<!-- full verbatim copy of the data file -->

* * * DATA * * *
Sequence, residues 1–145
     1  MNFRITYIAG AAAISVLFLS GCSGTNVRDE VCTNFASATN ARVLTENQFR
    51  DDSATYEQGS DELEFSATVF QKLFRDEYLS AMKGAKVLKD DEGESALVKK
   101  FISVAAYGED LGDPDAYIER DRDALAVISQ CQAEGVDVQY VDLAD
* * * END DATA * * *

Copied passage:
Sequence, residues 1–145
     1  MNFRITYIAG AAAISVLFLS GCSGTNVRDE VCTNFASATN ARVLTENQFR
    51  DDSATYEQGS DELEFSATVF QKLFRDEYLS AMKGAKVLKD DEGESALVKK
   101  FISVAAYGED LGDPDAYIER DRDALAVISQ CQAEGVDVQY VDLAD